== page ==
The B2B ecommerce space is growing fast and buyers have high expectations. Let's take a look at the different types of B2B ecommerce, as well as common misconceptions and some success stories.
In 2020, the global B2B ecommerce market was valued at $14.9 trillion — over five times that of the B2C market. On top of that, Forrester predicts that B2B ecommerce will account for 17% of all B2B sales in the U.S. by 2023, reaching $1.8 trillion.
Needless to say, B2B ecommerce is reaching new heights.
B2B ecommerce, or business-to-business electronic commerce, is the sale of goods or services through online transactions between businesses. Because orders are processed digitally, buying efficiency and effectiveness is improved for wholesalers, manufacturers, distributors and other types of B2B sellers.
Historically, B2B businesses have been slow to adopt ecommerce. Just before the pandemic, an eMarker report found that only 9% of total B2B U.S. product sales occurred via an ecommerce website.
However, with the pandemic as a catalyst for change and an increasing number of millennials entering the B2B space, buyer expectations are rising faster than ever, and B2B companies need to stay up to speed.
Fading are the days of cold calling, offline marketing activities and paper-based, manual transactions. Just as the B2C world is constantly innovating and digitizing, customers seek these same experiences from B2B sellers — and grow increasingly impatient with those that don’t provide them.
In fact, 80% of B2B buying decisions depend on a buyer’s direct or indirect customer experience, and 87% of B2B buyers would pay more for a supplier with a better ecommerce portal and experience, an increase from 81% in 2020 and 74% in 2019.
In the midst of an evolving landscape, B2B merchants are left to decipher the modern B2B buyer’s needs. But if you’re a B2B business stuck in legacy systems, making a digital transformation may be a daunting endeavor. To help you begin modernizing your B2B business, this guide will walk you through the basics of B2B ecommerce, including marketing tips, common misconceptions, advantages of having a B2B platform and some helpful examples from our own BigCommerce B2B merchants.
According to Gartner, by 2025, 80% of B2B sales transactions between buyers and suppliers will occur via digital channels.
Plus, emerging ecommerce technologies are reducing the barrier to entry for traditionally B2C businesses to add a B2B component (B2C2B) and, vice versa, for traditionally B2B companies to sell direct-to-consumer (B2B2C).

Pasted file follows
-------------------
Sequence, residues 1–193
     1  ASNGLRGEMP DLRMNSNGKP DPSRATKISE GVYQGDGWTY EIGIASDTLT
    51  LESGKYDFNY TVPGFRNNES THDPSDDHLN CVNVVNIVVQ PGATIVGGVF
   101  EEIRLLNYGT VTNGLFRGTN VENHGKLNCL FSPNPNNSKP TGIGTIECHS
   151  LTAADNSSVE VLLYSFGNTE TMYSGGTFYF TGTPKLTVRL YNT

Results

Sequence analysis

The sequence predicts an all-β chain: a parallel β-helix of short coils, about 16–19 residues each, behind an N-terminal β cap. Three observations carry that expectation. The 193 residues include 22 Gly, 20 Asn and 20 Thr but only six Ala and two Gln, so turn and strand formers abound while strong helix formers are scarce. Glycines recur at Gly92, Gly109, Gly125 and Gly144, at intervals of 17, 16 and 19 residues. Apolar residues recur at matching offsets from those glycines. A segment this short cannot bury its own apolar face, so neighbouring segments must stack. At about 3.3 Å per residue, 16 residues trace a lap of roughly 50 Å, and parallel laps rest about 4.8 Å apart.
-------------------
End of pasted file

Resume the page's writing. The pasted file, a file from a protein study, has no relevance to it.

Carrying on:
As a B2B business, you’ll likely fall into one of the following categories. Each entity has its own advantages and disadvantages, and some businesses may even fall into several categories at once.
Business-to-business-to-consumer (B2B2C) ecommerce takes out the middleman usually between the B2B organization and the B2C, putting the businesses directly in contact with the consumer. The B2B2C model can best be described by looking at how a wholesaler or manufacturer interacts with traditional B2B and B2C models.
In those cases, the wholesaler or manufacturer sends goods to the B2B, and those goods are then sold to the final consumer. In a B2B2C model, the wholesaler or manufacturer reaches the final consumer by either partnering with the B2B or directly selling to the consumer. With B2B2C ecommerce, these transitions happen online, often through virtual storefronts, an ecommerce site or even apps.
In many B2B2C ecommerce models, the consumer knows they are getting products from a business that’s separate from where they purchased it.
For example, the consumer may purchase a product from an affiliate blogger, but the product is branded and sent by the manufacturer.
Businesses often buy goods in bulk for a lower price and turnaround to sell them at retail value, and the goods are usually purchased directly from the manufacturer or distributors. This form of B2B, called wholesale, could also be described as the sale of goods to other businesses.
Wholesale B2B models are present in many industries including retail, food service, construction and medical, among many others. Traditionally, wholesale B2B transactions occur over the phone, via email or by way of spreadsheet order forms.
With wholesale ecommerce, everything is digital using a B2B ecommerce platform. The platform allows the wholesaler to display products more easily and creates a seamless buying experience.
One reason the B2B ecommerce market is expanding is a result of B2Cs making the switch. While it's possible to make the transition, there's a bit of a learning curve. B2B transactions tend to be larger than B2C purchases, and B2B sales often rely on long-standing relationships with vendors.